Survey Breakdown

“Measuring Bench Crest Line”

“To provide a quality service that meets our client’s needs and time frame through communication, easy accessibility, and convenience.”

Those are our words at King’s Land Surveying. In addition, we feel that an important part of “quality service” and “communication” is making sure you are well acquainted with the land surveying process. We’ve come to the realization that there may be some blurred lines surrounding the surveying profession, but never fear, we’re here to set the boundaries straight.

Before we begin, if you find yourself lost in some of our hefty technical jargon, it could be helpful to skim through our post, “Why You Need a Land Survey” to be your guide.

First: The Surveyor

A land surveyor describes and determines land and water boundaries for management, private, and public property rights. Surveying is a profession, and thus requires a four year college degree and special training. The surveyor must then pass a state exam to actually become a Registered Professional Surveyor. In other words, you may not designate yourself honorary surveyor of the day in the event that you need a survey.

Setting Up the Reference

Second: The Survey

There are four common species of the survey:

1. The Boundary Survey

  • The boundary survey serves the purposes of determining property lines, where the corners of those property lines are located, and finding easements — the right to use someone else’s land for a special purpose. A boundary survey is usually required when making major improvement to a property such as a fence, pool, etc. If you fall under this list, you’ll benefit most from a boundary survey:

You want to buy/sell property, but lack a qualified survey
You want to know what land is really your land
You want to make major home improvements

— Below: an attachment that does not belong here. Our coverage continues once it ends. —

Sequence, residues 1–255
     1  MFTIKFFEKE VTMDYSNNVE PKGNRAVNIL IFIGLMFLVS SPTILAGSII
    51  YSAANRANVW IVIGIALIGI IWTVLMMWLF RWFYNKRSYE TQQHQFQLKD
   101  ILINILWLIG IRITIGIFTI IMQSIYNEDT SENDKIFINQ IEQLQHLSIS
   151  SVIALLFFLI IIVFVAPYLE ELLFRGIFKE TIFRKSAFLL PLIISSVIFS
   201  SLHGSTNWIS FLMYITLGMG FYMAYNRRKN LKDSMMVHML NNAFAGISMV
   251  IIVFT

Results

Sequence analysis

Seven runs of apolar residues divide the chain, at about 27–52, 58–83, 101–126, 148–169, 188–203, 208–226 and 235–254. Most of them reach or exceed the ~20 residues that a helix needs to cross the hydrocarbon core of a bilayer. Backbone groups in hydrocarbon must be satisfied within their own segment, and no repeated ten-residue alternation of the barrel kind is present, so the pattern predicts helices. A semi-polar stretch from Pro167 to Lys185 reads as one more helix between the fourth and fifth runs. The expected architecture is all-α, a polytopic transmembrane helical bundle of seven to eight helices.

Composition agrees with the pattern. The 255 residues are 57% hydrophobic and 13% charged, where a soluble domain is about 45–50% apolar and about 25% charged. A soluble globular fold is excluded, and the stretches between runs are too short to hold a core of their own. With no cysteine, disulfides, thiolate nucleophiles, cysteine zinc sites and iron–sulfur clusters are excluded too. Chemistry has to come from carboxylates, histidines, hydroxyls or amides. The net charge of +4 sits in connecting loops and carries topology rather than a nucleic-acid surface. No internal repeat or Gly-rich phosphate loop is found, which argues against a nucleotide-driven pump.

You want to build on a property

2. The Builder Survey

  • These are our favorites at KLSS. There are three phases to the builder survey. First, there’s the initial boundary survey we talked about above. Next, we have a form survey, which shows the location of the slab (or foundation) in relation to the property line. This is done in an effort to ensure there are no encroachments on the easements or building lines. Then, we have a final survey where the improvements are drawn up on the survey plat to show the layout of the home/building when it is completed.

    Structural Alignment Survey

3. The Topographic Survey

  • Despite the fancy title, there’s really not much to this one. A topographic survey simply shows elevation and contours of the land and all its changes (natural or man-made). This little guy is usually a special request from designs proposed by engineers and architects. It may also include the location of trees, utilities, pavements, etc.

4. The Elevation Certifiacte

  • The elevation certificate is what we’d call the “black sheep” of surveys, mainly because it isn’t much of a survey, but is just as important. It shows the floor elevation of a structure relative to the base flood elevation determined by the FEMA flood plain maps, which show whether a house is in or outside of the flood zone. The elevation certificate can be required by insurance companies to decide flood insurance rates or, in other cases, could be needed for septic systems, building, or remodeling. You’ll also need one of these for any building that involves permits from the county or city.

Now you know what we know as land surveyors. Even though you can’t to get out and survey for yourself, we’ve provided you with the basic knowledge to understand what you’re getting from a land survey and at King’s Land Surveying, we’re always happy to help!


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